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Would technology in football ruin a passionate sport?  Should it be limited to goal line technology only?

Answers:1   |   LastAnswerAt:2011.03  

Patrick Vieira 
Asked at 2011.03.01 02:12:25

answer avintrouble  Answered at 2011.03.01 02:12:25
For a start, the cost of implementing any technology into football would be huge. While the top tier of football may be able to afford it, and maybe even the next division down, how would the lower divisions foot the bill? Many smaller professional football clubs struggle to pay their bills as it is, never mind the non-league, semi-pro and even amateur teams.

"What about the smaller teams? I don't think we need them to introduce things like video replays", I imagine people saying. But why not? To my eye, the beauty of the beautiful game lies in the fact that it is the one of the few perfect competitive activities, the ideal level playing field. Anyone can play, and turn their individual traits into a strength on the pitch. You don't have to be tall like in basketball, you don't have to be big and strong like in rugby or especially fast like a sprinter. All these things can be helpful, but anyone can play at some level, and be part of a competitive team.

This feeling of everyone playing the same game, regardless of their own skill is the main factor in having so many amateur teams turning out every weekend. People feel as though they are playing the same game as the blokes they see on the TV.

If you begin to alter the intrinsic nature of the game itself, for example, letting a man in a booth decide whether there has been an infringement on the pitch, you will find the game begins to move out of reach of the parks footballer. Not to mention the decades of dodgy refereeing decisions that have made legends of players. As an englishman, I will never forget the part the Russian linesman played in the 1966 World Cup final, or the unpunished handball by Diego Maradona. But these things will even themselves out over a long enough time span.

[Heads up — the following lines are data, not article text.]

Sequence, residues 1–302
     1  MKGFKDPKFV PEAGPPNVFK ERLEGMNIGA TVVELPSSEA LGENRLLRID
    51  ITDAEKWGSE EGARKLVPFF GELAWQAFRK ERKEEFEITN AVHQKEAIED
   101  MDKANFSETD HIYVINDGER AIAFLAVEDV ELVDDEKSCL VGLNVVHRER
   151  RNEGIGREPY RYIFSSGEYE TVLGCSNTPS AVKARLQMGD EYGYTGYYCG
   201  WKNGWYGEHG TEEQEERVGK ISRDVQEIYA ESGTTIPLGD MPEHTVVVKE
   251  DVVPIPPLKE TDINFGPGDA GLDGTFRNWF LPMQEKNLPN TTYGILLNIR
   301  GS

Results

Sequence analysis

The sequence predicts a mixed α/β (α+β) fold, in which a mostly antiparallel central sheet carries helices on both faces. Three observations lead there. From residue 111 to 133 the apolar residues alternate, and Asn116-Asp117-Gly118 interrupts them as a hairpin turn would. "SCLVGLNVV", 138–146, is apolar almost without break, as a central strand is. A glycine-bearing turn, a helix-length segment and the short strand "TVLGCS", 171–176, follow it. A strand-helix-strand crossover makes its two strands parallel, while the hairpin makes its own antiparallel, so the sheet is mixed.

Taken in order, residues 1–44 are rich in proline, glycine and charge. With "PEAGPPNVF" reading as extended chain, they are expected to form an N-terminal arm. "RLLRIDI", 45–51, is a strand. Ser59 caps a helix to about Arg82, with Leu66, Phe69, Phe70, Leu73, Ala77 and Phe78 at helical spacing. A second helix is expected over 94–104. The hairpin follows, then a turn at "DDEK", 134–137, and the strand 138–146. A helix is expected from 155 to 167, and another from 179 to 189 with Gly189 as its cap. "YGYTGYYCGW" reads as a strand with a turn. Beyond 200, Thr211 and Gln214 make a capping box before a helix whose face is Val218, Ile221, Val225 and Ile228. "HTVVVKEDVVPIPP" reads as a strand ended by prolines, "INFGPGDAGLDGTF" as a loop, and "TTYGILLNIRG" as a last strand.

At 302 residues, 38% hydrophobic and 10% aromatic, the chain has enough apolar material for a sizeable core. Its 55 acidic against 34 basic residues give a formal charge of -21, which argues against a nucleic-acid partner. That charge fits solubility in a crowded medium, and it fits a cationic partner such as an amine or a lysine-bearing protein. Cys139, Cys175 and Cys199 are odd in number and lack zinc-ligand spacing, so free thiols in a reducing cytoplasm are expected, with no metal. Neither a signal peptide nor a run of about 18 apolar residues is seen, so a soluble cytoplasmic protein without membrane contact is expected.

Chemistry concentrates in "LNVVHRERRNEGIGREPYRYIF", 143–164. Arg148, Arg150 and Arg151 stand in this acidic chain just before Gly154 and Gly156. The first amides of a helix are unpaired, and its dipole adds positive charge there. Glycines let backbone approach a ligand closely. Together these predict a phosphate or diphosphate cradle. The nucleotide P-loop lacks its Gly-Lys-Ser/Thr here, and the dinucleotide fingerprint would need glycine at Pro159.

I feel sorry for the players and managers who feel they have had their careers affected by bad refereeing, but if you count the bad and good decisions up, I doubt any one player, team or manager has suffered a significantly higher proportion of bad ones.

Instead of costly video setups, why not just have a couple more officials at each game? A second linesman on each touchline (one for each corner of the pitch effectiveley) would eliminate the blind spots that occur when players get in the way, and give an instant second opinion on whether the ball has crossed the line or not. This measure could be implemented at any level, as all you need to do is rope in an extra couple of mates, not have a six camera instant replay rig.
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